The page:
Market Recap for Friday, March 17, 2017
It was another bifurcated day in the market on Friday as rotation continued. The Dow Jones and S&P 500 both posted minor losses while the Russell 2000 led with a 0.40% gain. Utilities (XLU, +0.60%) and industrials (XLI, +0.55%) were the sector winners while financials (XLF, -0.98%) and healthcare (XLV, -0.55%) were the laggards.
Defense stocks ($DJUSDN) helped to lead the industrials as they gained 1.56%. The gains led to another breakout in the group as you can see below:
There are no key earnings or economic reports expected today, although Chicago Federal Reserve Bank President Charles Evans is appearing live on Fox Business News prior to today's market open. So traders will be looking mostly to action overseas and technical conditions here for direction.
In Asia overnight, key markets were mixed, while in Europe we're seeing fractional losses across the board. The Dow Jones futures are slightly lower as we head into the start of a new trading week just 30 minutes away.
It wouldn't be a huge surprise to see another push higher in home construction ($DJUSHB). Recently, a 60 minute negative divergence suggested short-term momentum was slowing at a time when 60 minute RSI and stochastic was also pointing to short-term weakness to relieve those two overbought oscillators. Take a look:
On 60 minute charts, negative divergences tend to take 1-3 days to resolve momentum issues. The negative divergence that formed on the March 10th high followed this pattern, resolving the momentum issues after just a couple days. The 60 minute MACD fell back to its centerline support and the overbought RSI and stochastic were no longer issues and the uptrend resumed. Currently, the 60 minute MACD is bullish. After the latest push higher in price, the MACD moved higher as well. So I look for the rising 20 hour EMA to provide support and that moving average is coinciding with short-term price support near 655. If that price level is lost, then we could see next support at 635. I believe 655 will hold for now.
The Dow Jones U.S. Tires Index ($DJUSTR) recently broke out, but is currently printing a negative divergence on its daily chart. However, short-term weakness should be embraced as it would fit in beautifully to a very bullish longer-term picture. Here are the daily and weekly charts on the DJUSTR:
On this daily chart, the DJUSTR has been a bit overbought recently and signs of slowing momentum are evident by the negative divergence. I typically look for MACD centerline resets and/or 50 day SMA tests (pink arrows) for better reward to risk entry points. However, the weekly chart is very strong so we may not see enough short-term selling to hit those levels. Here's the weekly chart:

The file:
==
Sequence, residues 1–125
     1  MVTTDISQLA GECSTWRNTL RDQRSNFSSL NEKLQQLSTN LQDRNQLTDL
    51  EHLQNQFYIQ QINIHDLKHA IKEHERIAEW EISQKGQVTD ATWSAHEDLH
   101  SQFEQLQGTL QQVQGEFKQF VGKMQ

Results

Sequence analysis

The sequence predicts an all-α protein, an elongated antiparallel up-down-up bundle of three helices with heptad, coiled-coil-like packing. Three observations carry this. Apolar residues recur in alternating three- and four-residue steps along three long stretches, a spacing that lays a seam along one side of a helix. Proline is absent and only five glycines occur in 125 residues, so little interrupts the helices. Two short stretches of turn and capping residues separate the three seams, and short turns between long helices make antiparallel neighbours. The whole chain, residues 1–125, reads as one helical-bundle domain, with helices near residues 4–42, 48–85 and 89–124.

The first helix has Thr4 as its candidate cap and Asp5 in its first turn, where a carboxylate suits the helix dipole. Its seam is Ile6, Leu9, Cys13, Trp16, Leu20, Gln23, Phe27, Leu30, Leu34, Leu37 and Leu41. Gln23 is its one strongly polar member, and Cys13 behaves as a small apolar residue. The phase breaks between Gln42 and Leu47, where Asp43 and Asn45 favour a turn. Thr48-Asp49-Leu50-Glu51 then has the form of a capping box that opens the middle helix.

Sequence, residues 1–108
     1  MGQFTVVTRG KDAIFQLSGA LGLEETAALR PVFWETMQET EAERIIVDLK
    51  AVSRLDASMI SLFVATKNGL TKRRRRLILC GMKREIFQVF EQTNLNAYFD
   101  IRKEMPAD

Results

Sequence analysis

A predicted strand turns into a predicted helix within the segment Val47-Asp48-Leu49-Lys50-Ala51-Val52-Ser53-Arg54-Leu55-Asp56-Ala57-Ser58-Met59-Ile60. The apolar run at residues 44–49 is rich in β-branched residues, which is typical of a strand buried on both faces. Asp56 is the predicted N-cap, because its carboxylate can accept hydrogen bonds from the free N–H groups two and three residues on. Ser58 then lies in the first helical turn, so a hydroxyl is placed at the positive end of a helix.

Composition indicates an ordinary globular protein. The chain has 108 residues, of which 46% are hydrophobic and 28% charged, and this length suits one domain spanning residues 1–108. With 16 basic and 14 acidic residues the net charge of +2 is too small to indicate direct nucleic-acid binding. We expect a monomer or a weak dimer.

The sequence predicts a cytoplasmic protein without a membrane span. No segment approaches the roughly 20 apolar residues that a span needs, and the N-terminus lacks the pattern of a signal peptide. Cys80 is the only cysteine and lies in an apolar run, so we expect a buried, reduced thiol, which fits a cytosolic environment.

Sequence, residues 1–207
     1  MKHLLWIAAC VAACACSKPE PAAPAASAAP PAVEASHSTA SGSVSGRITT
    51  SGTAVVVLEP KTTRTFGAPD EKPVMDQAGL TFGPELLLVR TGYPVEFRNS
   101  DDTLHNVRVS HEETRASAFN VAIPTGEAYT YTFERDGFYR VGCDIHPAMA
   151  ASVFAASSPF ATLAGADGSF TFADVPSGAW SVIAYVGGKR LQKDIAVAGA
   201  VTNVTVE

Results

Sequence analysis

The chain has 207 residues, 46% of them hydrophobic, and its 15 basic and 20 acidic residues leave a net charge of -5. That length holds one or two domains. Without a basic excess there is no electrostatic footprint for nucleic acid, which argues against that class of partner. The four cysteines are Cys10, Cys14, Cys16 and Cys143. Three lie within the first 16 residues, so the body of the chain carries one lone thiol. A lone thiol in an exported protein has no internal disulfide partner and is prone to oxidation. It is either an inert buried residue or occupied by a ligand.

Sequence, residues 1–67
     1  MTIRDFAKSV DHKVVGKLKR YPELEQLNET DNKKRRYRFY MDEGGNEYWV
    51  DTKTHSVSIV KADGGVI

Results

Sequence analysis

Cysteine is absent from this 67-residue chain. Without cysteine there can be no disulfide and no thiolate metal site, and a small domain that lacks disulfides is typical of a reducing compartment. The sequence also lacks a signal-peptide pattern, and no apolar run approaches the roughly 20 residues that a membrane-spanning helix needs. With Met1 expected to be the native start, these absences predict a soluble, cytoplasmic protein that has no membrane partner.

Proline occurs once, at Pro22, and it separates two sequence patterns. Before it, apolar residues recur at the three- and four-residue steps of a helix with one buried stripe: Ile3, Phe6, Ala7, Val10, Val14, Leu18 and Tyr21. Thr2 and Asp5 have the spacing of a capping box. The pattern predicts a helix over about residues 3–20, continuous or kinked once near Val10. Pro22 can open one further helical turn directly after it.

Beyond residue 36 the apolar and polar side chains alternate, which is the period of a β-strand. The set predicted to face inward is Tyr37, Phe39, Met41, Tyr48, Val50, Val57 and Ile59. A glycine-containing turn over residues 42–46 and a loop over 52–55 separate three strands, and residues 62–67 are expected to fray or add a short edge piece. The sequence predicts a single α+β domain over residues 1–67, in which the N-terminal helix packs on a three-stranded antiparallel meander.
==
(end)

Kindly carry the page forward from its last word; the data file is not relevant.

This inverse head & shoulders pattern measures to 146 in time so a pullback to the rising 20 week EMA (currently 115.78) fits right into that daily chart's key support range between trendline support at 112.50 and price support near 117. I would not wait for that level to be tested. Instead, if you like the prospects of tires, I'd build a position as the index falls - if it falls.
Cooper Tire & Rubber Company (CTB) just broke out of a two year consolidation period that followed a prior uptrend. This technical breakout is likely to lead to further gains in the weeks and months ahead. Here's the current chart:
I like sticking with companies that recently beat Wall Street consensus estimates for both revenues and EPS. CTB did just that before breaking out. A month ago, CTB reported revenues and EPS of $784 million and $1.28, respectively, which beat estimates of $767 million and $.93, respectively. The higher volume over the past 5-6 weeks, coupled with higher volume, suggests accumulation. For those looking longer-term, I'd keep an eye on the rising 20 week EMA as a closing stop level.
I just looked at the DJUSTR technically, then provided CTB as a setup to consider in the space. Now let's check out the seasonal tendency for tires. Here it is:
While I'd say November and December easily provide the best chance for rising prices in the DJUSTR, the March to May period is a very close second and its average monthly returns in March, April and May of 2.7%, 6.8% and 2.3%, respectively, over the past 18 years provide a solid foundation for trading this group during the spring months. History and current technical conditions suggest a clear road ahead for tires.
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